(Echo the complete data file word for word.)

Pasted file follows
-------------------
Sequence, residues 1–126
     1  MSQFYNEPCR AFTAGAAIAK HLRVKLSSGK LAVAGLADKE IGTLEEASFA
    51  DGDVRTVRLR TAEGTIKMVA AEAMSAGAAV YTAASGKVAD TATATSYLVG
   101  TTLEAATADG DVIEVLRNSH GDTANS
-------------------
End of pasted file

Sequence, residues 1–126
     1  MSQFYNEPCR AFTAGAAIAK HLRVKLSSGK LAVAGLADKE IGTLEEASFA
    51  DGDVRTVRLR TAEGTIKMVA AEAMSAGAAV YTAASGKVAD TATATSYLVG
   101  TTLEAATADG DVIEVLRNSH GDTANS